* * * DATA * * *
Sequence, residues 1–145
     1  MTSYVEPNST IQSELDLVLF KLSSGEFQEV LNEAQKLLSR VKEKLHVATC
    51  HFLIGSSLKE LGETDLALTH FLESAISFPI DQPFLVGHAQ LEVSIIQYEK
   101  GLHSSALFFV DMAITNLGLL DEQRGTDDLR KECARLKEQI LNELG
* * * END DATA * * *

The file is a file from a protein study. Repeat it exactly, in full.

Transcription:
Sequence, residues 1–145
     1  MTSYVEPNST IQSELDLVLF KLSSGEFQEV LNEAQKLLSR VKEKLHVATC
    51  HFLIGSSLKE LGETDLALTH FLESAISFPI DQPFLVGHAQ LEVSIIQYEK
   101  GLHSSALFFV DMAITNLGLL DEQRGTDDLR KECARLKEQI LNELG